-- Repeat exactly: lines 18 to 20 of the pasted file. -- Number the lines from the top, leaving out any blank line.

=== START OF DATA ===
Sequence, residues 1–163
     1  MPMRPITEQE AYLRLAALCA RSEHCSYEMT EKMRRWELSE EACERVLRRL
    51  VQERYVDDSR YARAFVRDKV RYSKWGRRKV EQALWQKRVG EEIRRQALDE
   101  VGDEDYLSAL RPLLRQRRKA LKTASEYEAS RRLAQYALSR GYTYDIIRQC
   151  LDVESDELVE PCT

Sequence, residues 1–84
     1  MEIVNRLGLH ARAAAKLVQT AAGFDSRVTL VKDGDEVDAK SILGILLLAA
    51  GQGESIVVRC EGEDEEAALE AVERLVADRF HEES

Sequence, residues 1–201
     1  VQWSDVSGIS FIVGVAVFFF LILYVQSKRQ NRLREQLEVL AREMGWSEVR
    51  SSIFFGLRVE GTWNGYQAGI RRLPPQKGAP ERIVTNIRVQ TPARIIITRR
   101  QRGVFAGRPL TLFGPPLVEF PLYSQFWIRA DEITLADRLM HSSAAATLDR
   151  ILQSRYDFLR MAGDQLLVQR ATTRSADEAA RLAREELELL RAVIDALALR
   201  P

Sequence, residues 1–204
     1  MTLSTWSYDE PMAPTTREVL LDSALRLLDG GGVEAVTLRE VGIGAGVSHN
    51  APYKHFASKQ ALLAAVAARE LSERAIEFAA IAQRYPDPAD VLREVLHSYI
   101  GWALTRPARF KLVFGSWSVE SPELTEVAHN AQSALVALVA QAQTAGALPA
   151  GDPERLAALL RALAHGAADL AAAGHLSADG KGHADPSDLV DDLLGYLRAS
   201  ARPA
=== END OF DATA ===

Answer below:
   101  GWALTRPARF KLVFGSWSVE SPELTEVAHN AQSALVALVA QAQTAGALPA
   151  GDPERLAALL RALAHGAADL AAAGHLSADG KGHADPSDLV DDLLGYLRAS
   201  ARPA